Canavan appeals to indyref ‘missing million’ – make sure you vote to protect NHS


  Yes Scotland chairman Dennis Canavan has called on unregistered voters – the so-called ‘missing million’ – to help deliver cast-iron protection for Scotland’s NHS with a Yes vote on September 18.

The future of Scotland’s NHS has moved centre stage in the referendum debate after Labour Shadow Health Secretary at Westminster, Andy Burnham, warned that the UK Government’s privatisation agenda would ‘push the NHS off the cliff-edge’ in the next five years.

In a speech in Manchester, Mr Burnham said analysis showed,”… that NHS forced privatisation is entering new territory and becoming harder to reverse.”

However the Labour MP, who helped push through increasing privatisation south of the border when his party were in power, only called for a pause in current Tory privatisation plans until after the next general election.

Speaking during a campaign visit to Pollok in Glasgow, former Labour MP Mr Canavan, said the referendum was an opportunity to protect the Scottish NHS.

He said those who are not registered to vote or do not normally vote had a vital role to play in deciding Scotland’s future – and the protection of Scotland’s cherished public health service.

Mr Canavan said: “The National Health Service was founded in 1948 by an Act of the Westminster Parliament, but it is now becoming increasingly apparent that the NHS is no longer safe in Westminster’s hands.

“The NHS was founded on the basic principles that it should be the property of the people and freely available to the people at the point of need. Those principles have now been abandoned at Westminster with people in England now having to pay prescription charges of over £8 per item and more and more services being privatised and therefore dependent on market forces rather than need.

“The Scottish Parliament has so far helped to protect the NHS in Scotland, but it would be naive to imagine that this will continue indefinitely under current arrangements.

“With Scotland’s budget at present decided by Westminster, cuts to NHS spending in England as a result of privatisation will automatically means cuts for Scotland too.

“The trade union, Unite, is already warning of more direct charges for health services south of the border, and Westminster plans already factor in £1 billion of privatisation “savings” as they are described – which means cuts to Scotland’s budget.

“The only way we can guarantee that Westminster health privatisation won’t have a damaging knock on impact on Scotland’s budget and Scotland’s NHS is to vote Yes. It’s only by taking decisions on our budget out of the hands of Westminster that we can deliver the cast-iron protection that people in Scotland demand for their health service.

“Our NHS is far too important to leave its future in the hands of voters in marginal seats in the south of England. That’s a strategy based on little more than keeping our fingers crossed. The NHS needs a stronger safeguard.’

Mr Canavan added: “For all those who have never voted, or who haven’t seen a reason to vote for years, now is the time to make sure your voice is heard, because Scotland needs you to protect our NHS.

“We need a Yes to give Scotland’s health service an absolute guarantee. Anything less is not good enough, and presents too big a risk for a service that is at the very heart of Scottish society.

“Only a Yes vote ensures that Westminster health privatisation can’t and won’t damage Scotland’s NHS. Under current UK arrangements, cuts in English health spending would mean cuts to Scotland’s funding. Voting No could therefore threaten the very existence of the NHS in Scotland as we know  it. That’s a risk too far and a risk I know the people of Scotland will not want us to take.Only with the full powers of independence can our protection of our health service be guaranteed.”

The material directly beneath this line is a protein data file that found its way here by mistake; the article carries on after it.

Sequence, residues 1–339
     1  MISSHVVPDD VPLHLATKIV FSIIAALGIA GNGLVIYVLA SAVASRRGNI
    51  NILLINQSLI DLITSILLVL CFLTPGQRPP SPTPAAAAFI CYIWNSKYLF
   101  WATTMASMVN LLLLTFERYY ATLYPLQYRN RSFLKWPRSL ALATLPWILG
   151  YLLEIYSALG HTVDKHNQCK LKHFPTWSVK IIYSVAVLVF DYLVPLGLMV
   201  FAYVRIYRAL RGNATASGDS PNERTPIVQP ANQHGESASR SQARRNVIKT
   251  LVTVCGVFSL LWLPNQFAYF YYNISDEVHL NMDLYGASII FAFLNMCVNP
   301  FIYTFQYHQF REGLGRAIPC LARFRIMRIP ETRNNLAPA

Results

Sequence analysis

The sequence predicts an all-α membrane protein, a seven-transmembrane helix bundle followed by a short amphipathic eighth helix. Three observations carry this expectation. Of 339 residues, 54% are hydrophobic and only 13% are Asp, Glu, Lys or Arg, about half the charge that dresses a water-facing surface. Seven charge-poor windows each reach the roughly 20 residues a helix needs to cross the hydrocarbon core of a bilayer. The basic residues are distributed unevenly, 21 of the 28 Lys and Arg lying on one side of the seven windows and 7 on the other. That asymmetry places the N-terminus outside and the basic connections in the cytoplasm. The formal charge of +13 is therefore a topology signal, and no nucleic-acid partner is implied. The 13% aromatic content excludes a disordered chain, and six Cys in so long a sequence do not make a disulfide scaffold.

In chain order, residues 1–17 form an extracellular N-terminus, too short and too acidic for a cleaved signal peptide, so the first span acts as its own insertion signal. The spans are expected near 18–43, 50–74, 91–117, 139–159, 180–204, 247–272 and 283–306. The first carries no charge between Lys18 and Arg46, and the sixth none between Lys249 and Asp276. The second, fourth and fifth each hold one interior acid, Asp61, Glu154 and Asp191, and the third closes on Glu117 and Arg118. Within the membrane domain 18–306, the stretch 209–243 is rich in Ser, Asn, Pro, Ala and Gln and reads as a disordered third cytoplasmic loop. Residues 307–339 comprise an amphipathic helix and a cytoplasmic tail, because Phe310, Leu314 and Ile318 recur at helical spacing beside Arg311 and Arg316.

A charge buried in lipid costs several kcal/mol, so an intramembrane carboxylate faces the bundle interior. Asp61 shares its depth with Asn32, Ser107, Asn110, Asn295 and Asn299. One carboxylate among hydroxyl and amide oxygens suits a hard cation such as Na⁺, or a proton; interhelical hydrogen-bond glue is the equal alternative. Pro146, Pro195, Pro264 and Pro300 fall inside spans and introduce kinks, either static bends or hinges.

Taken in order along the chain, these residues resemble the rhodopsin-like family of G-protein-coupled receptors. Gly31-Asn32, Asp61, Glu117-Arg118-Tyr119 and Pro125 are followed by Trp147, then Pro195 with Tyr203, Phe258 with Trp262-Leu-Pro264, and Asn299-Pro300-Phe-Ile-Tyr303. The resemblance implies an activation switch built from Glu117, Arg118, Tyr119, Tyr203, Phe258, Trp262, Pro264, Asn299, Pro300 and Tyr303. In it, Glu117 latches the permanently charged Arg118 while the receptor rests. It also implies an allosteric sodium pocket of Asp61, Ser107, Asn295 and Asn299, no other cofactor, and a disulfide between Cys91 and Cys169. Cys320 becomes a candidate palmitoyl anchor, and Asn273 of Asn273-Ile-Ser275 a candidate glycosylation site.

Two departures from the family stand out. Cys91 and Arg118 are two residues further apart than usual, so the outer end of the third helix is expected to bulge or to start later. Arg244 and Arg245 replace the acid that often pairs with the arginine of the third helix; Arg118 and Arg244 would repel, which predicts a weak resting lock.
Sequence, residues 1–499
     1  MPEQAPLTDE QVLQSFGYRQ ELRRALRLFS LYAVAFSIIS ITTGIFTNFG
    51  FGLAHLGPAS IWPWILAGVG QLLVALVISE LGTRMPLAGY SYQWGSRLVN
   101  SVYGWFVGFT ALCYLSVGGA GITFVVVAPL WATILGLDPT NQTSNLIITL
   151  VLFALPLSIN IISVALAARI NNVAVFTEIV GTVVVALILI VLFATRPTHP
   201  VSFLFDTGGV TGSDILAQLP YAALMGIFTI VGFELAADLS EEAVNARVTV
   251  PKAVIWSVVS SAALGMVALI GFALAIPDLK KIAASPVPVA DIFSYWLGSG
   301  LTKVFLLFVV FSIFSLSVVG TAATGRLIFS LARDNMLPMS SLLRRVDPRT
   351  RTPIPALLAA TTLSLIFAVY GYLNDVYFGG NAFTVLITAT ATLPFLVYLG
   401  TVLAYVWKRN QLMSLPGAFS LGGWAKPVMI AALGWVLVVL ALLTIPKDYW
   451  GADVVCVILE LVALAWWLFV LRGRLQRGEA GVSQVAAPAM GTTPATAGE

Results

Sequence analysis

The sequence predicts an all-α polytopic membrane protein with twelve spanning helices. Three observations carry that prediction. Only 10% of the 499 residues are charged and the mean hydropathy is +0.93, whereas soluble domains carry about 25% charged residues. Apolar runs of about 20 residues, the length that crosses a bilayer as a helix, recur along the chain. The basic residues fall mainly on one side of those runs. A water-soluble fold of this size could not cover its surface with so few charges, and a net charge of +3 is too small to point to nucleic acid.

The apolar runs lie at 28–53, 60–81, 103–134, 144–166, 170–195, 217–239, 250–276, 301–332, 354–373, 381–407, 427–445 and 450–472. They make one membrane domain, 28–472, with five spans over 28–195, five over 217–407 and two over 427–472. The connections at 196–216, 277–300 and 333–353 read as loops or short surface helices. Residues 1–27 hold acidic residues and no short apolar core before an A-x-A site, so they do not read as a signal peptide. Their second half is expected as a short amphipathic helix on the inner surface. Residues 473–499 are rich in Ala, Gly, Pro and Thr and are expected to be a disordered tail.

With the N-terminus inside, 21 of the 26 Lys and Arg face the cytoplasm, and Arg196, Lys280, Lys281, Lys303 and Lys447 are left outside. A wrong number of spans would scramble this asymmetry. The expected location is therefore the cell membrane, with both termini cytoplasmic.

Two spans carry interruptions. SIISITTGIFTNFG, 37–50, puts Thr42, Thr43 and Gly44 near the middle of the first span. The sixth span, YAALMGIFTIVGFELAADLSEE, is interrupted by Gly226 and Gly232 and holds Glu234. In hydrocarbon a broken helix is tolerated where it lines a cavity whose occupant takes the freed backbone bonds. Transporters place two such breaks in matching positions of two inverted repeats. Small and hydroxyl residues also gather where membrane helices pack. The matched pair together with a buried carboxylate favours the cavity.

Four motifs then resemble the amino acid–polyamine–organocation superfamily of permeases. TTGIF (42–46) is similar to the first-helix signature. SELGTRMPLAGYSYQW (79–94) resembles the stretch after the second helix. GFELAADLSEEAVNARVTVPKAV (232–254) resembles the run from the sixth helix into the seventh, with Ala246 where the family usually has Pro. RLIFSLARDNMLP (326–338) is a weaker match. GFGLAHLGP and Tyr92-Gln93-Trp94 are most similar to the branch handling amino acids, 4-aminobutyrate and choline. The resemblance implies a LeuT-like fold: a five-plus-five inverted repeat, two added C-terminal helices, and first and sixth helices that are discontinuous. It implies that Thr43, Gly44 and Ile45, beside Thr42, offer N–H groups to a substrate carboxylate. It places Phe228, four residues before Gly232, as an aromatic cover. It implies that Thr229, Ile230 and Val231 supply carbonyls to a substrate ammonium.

Mr Canavan’s comments were supported by NHS for Yes. Co-founder of the pro-independence group, Dr Willie Wilson, said: “Protection of our public health service is vital for all in Scotland, but none more so than people from less well-off and impoverished areas where many of the ‘missing million’ voters live.

“Independence offers us a unique chance to secure Scotland’s health service – to protect it from future Westminster funding cuts, and the damaging impact of privatisation south of the border.

“We are fortunate that health is already devolved to the Scottish Parliament, and it is a shining example of self-government for Scotland demonstrably being far better than Westminster government. But devolution is not enough.

“Privatisation and commercialisation are now rampant in the health service south of the border. This means that competitive tendering is now compulsory and GPs are obliged to consider which hospital offers the best deal rather than which will give the best outcome for patients.”

Cuts to the NHS in England have an impact on the Scottish NHS which due to cuts to the Scottish budget.

However, speaking on behalf of the No campaign, Scottish Labour MSP Jackie Baillie claimed privatisation south of the border would not affect the NHS in Scotland which she said had been subsidised by the rest of the UK.

Responding, Ms Baillie, said: “Dennis Canavan should apologise for deliberately trying to scare and mislead Scots. As a former MSP he knows that decisions about the health service in Scotland are taken here in Scotland.

“That’s what is great about devolution – we decide what happens to our NHS in Scotland, and the investment is paid for by taxpayers across the whole of the UK. It’s the best of both worlds.

“The independent experts at the Institute for Fiscal Studies have made very clear that if we leave the UK our public services would be faced with cuts of up to £6 billion in the first few years. Independence would put our NHS at risk, which is why we should say no thanks in September.”